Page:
What’s the most bullshit startup advice out there?
This post originally appeared on Escape the City
I got lots of advice when I was starting my first business, and a lot of it was crap, but that’s okay. I was asking crappy questions; I was a neophyte, that’s what neophytes do. Plus, I was 21, and what does anyone know when they’re 21?
Years have passed and it’s not like I morphed into Startup Yoda, but I compare who I am now to my 21-year-old self who kept coming up against brick walls, and I realise that through all the startups and projects I’ve worked with since then, I’ve definitely refined my bullshit radar.
I’m continuing to do that every year and maybe that’s all I ever set out to do in the first place. Bukowski was referring to women, but this line describes how I feel about startups:
“The more rivers you crossed, the more you knew about rivers — that is, if you survived the white water and hidden rocks.”
There’s a certain sense of faux maturity/accomplishment from being able to look back at certain myths you once accepted as truth and to know that you’ve comfortably outgrown taking them at face value.
Myth 1: Starting a business is for everyone — and it’s fun!
I stopped attending startup workshops because being at them started to feel like I was reading Cosmo: reality is often spliced up as glossy and digestible as opposed to a complicated mess that’s unique and painful and beautiful. I got sick of the fairy-tale that seems so interwoven into the zeitgeist… it’s now annoyingly fashionable to start something, to become someone, to follow the entrepreneurial path as if everyone is suited to it.
I really disagree with the notion of, “Just come up with an idea, find customers, and bang! Move over, Zuckerberg!” Few facilitators talk about the realities I’ve witnessed through getting to know Escape members, as well as having experienced some of them myself.
Starting your own venture is meaningful, hell yes, but meaningful pursuits aren’t always fun. You get panic attacks at 3 am about money; you sometimes grow apart from people you were once close to; maybe you even have to rely on your parents in a way that makes you uncomfortable.
You can find yourself questioning why you’re choosing to take this rocky, wobbly dirt path instead of just hopping on the highway like everyone else. So why do we start businesses? (Well, why do we start any kind of relationship?) I think learning to answer that question (truthfully) is a huge part of the process itself.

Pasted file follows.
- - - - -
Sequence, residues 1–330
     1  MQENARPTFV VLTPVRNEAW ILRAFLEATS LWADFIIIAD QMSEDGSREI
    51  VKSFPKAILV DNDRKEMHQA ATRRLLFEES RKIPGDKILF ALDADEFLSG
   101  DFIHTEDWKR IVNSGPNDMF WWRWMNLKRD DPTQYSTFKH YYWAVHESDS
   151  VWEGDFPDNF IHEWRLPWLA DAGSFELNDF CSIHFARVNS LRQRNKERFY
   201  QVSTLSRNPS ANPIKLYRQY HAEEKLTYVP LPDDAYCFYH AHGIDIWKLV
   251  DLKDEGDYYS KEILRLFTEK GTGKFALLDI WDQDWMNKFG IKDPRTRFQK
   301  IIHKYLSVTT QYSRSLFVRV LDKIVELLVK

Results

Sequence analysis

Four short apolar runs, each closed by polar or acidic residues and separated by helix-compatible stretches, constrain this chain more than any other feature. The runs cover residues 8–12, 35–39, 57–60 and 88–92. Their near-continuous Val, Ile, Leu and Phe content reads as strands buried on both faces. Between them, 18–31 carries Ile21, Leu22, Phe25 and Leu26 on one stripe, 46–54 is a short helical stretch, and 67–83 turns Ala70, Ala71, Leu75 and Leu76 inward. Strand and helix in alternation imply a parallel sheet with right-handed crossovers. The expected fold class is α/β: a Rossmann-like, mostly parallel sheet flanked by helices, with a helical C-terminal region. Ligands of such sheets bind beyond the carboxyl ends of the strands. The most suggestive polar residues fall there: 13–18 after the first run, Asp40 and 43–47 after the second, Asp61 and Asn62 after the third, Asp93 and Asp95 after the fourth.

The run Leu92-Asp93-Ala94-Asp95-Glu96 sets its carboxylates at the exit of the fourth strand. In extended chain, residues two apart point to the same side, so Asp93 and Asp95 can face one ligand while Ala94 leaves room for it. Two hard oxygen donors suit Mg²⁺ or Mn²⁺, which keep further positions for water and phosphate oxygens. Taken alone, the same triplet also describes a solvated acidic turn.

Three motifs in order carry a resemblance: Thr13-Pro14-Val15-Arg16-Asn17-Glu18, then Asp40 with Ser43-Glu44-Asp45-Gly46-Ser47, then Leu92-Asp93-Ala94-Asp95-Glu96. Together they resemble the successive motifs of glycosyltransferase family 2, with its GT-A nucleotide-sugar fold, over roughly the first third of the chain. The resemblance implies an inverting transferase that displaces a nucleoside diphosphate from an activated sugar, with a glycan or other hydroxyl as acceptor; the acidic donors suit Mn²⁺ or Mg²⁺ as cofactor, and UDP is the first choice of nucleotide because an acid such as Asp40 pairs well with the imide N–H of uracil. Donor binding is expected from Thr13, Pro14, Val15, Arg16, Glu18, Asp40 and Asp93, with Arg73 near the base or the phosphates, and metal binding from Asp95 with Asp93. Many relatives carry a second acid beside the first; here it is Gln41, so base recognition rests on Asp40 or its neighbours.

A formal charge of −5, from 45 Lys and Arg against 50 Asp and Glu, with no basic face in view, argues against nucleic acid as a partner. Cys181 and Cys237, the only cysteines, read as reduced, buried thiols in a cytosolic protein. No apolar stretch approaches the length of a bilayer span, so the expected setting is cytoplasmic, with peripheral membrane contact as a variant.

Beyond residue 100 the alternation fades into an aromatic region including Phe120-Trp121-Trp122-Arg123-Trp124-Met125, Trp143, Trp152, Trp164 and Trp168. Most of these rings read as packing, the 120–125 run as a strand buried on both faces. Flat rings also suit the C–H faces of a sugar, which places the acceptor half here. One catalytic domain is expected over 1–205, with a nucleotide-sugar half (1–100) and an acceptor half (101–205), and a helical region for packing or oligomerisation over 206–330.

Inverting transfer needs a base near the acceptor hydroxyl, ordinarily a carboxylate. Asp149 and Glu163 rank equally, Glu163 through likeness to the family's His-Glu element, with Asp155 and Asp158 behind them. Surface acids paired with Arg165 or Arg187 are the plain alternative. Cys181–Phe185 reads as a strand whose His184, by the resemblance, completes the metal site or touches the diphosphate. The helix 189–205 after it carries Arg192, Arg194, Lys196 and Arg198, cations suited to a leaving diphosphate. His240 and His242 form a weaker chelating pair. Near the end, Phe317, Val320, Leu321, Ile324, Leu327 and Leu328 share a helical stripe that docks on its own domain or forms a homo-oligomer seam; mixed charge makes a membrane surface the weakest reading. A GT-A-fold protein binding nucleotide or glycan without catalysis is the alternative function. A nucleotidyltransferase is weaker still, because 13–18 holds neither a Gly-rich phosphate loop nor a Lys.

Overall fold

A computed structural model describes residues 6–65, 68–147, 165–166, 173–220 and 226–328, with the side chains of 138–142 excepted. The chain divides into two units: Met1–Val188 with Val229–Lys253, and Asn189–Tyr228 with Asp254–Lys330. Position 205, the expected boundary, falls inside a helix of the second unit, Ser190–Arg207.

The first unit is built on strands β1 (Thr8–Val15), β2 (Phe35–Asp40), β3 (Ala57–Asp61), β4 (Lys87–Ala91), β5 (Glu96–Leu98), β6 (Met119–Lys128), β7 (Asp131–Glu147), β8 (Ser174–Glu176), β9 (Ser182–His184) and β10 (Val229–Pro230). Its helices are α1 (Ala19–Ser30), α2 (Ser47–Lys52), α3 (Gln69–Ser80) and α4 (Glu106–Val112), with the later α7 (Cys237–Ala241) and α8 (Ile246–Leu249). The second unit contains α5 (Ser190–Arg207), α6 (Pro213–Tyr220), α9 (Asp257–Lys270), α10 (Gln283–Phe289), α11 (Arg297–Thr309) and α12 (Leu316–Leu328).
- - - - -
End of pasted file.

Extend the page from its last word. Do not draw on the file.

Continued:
Myth 2: If you try hard enough, it’ll work. So just keep persevering!
We’ve all heard that it took Thomas Edison a gazillion attempts before he invented the light bulb, and yeah, good things take time. BUT pursuing a flawed idea and getting dismal results but CONTINUING to pursue the flawed idea without changing course is foolish.
Just because you want something to work, that doesn’t mean that it will work. When you’ve been to private schools your whole life, where everyone’s bending over backwards to make sure you succeed (I went to private schools, so I’m counting myself in that category of the artificially entitled), it can be hard to accept that sometimes, no matter how much you try (or spend)… your attempts still aren’t enough to swing reality your way.
I believe in committing to a vision but iterating the course it takes to get there. This often means swallowing your pride, accepting your limits, and relying on a mixture of data and intuition. There are data-driven methodologies to embarking upon enlightened business model development, as opposed to ‘just sticking with it’ because of a pig-headed determination to succeed at all costs. Those methodologies are outlined in the lean principles made popular by Eric Ries and Steve Blank. Not everyone’s a lean fan, but I certainly am.
Myth 3: If your business plan is strong enough, you can’t fail…
The truth is, no matter what you do, you can still fail. And no amount of conversation or knowledge or love can protect you from that. You can be smart as hell — that doesn’t mean that you’re not going to fail. Business plans and forecasts are guesses. You can refine your accuracy through trial and error, but the key word there is ‘error’. You will try things, you will make errors, and that will inform your intelligence.
Your first business plan is unlikely to work out, but your seventeenth, or your twenty-second… that one’s much more likely to be accurate. It took me a few years of working in startups to realise that having a failed startup idea behind you is a badge of honour. (I realise that’s very un-British and hey, I’m not British, so maybe it’s just easier for me to accept that.)
Amateurs are blank slates. Professionals have battle scars. Those battle scars don’t mean that you’re an idiot who couldn’t figure out how to make a business work: they mean that you’ve got guts, that you’ve actually attempted shit, instead of just talking about it, that you’re way more likely to succeed later down the track, because you’ve been humbled and brought down to size.
Myth 4: You need funding to get going.
Unless you’re going into an incubator, your best bet is to bootstrap. Angels and VCs aren’t money-trees and you often need to not need them in order to be considered by them. Bootstrapping means developing a prototype and then using that prototype to independently build an early revenue stream.
If nobody’s pre-ordering or paying you for what you’re trying to sell, and you can’t find early customers, maybe it’s not that the marketing needs tweaking — maybe the customer pain just isn’t what you thought it was. That’s fine. It is what it is. Either change the offering, or change the course you’re on, or change the target customers. I’m pretty sure I read, “Nothing changes if nothing changes” on a running blog, and it was such a simple piece of common sense, but as Carrie-Bradshaw as it sounds, sometimes it’s the most obvious advice that’s the hardest to absorb.